Continuing with posts in recognition of R.A. Fisher’s birthday, I reblog (with a few new comments) one from a few years ago on a topic that had previously not been discussed on this blog: Fisher’s fiducial probability
[Neyman and Pearson] “began an influential collaboration initially designed primarily, it would seem to clarify Fisher’s writing. This led to their theory of testing hypotheses and to Neyman’s development of confidence intervals, aiming to clarify Fisher’s idea of fiducial intervals (D.R.Cox, 2006, p. 195).
In recognition of Fisher’s birthday (Feb 17), I reblog what I call the “Triad”–an exchange between Fisher, Neyman and Pearson (N-P) a full 20 years after the Fisher-Neyman break-up–adding a few new introductory remarks here. While my favorite is still the reply by E.S. Pearson, which alone should have shattered Fisher’s allegations that N-P “reinterpret” tests of significance as “some kind of acceptance procedure”, they are all chock full of gems for different reasons. They are short and worth rereading. Neyman’s article pulls back the cover on what is really behind Fisher’s over-the-top polemics, what with Russian 5-year plans and commercialism in the U.S. Not only is Fisher jealous that N-P tests came to overshadow “his” tests, he is furious at Neyman for driving home the fact that Fisher’s fiducial approach had been shown to be inconsistent (by others). The flaw is glaring and is illustrated very simply by Neyman in his portion of the triad. Further details may be found in my book, SIST (2018) especially pp 388-392 linked to here. It speaks to a common fallacy seen every day in interpreting confidence intervals. As for Neyman’s “behaviorism”, Pearson’s last sentence is revealing. Continue reading →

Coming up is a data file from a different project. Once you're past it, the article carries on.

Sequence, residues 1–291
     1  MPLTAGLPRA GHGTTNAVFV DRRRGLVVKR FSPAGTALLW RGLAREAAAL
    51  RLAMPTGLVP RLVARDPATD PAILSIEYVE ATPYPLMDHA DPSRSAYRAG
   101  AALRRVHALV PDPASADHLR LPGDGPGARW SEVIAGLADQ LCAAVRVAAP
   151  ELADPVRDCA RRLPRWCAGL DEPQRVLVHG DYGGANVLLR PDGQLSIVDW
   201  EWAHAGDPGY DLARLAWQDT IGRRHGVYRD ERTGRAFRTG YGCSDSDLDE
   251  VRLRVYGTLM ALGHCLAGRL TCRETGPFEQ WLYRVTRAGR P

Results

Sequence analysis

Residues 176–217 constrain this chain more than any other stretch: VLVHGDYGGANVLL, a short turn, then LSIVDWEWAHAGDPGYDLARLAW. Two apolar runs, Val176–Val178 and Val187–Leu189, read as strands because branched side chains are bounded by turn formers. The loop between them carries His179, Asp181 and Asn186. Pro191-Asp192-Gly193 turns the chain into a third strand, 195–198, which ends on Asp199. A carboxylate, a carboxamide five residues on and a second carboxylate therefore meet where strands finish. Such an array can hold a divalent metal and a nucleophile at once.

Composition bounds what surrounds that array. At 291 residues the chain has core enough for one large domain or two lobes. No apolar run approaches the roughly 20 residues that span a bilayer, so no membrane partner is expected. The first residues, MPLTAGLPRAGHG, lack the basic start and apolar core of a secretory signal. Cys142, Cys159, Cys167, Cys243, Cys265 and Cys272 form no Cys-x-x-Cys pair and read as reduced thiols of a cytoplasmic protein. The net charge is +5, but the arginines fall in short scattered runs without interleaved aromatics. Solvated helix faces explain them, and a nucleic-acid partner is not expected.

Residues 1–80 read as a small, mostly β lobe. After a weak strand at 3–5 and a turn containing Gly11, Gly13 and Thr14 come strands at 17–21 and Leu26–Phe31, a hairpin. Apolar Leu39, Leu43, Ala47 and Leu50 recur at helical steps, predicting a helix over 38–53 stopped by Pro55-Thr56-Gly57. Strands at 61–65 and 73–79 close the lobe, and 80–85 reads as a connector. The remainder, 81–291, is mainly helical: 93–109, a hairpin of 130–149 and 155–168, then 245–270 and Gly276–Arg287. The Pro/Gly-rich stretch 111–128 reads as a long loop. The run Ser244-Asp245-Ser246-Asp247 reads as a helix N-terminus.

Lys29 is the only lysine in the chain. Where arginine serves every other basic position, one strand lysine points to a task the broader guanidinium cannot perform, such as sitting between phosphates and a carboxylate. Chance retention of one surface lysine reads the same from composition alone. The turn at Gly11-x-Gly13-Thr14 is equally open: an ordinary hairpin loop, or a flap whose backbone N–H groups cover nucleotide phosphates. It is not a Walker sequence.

Today is R.A. Fisher’s birthday. I’ll reblog some Fisherian items this week with a few new remarks. This paper comes just before the conflicts with Neyman and Pearson (N-P) erupted. Fisher links his tests and sufficiency, to the Neyman and Pearson lemma in terms of power. It’s as if we may see Fisher and N-P as ending up in a similar place while starting from different origins, as David Cox might say . Unfortunately, the blow-up that occurred soon after is behind today’s misdirected war vs statistical significance tests.* I quote just the most relevant portions…the full article is linked below.** Happy Birthday Fisher!Continue reading →
The concept of statistical significance is central in scientific research. However, the concept is often poorly understood and thus is often unfairly criticized. This presentation includes three independent but overlapping arguments about the usefulness of the concept of statistical significance to reliably detect “effects” in frontline scientific research data. We illustrate the arguments with examples of scientific importance from genomics, physics, and medicine. We explain how the concept of statistical significance provides a cost-efficient objective way to empower scientific research with evidence.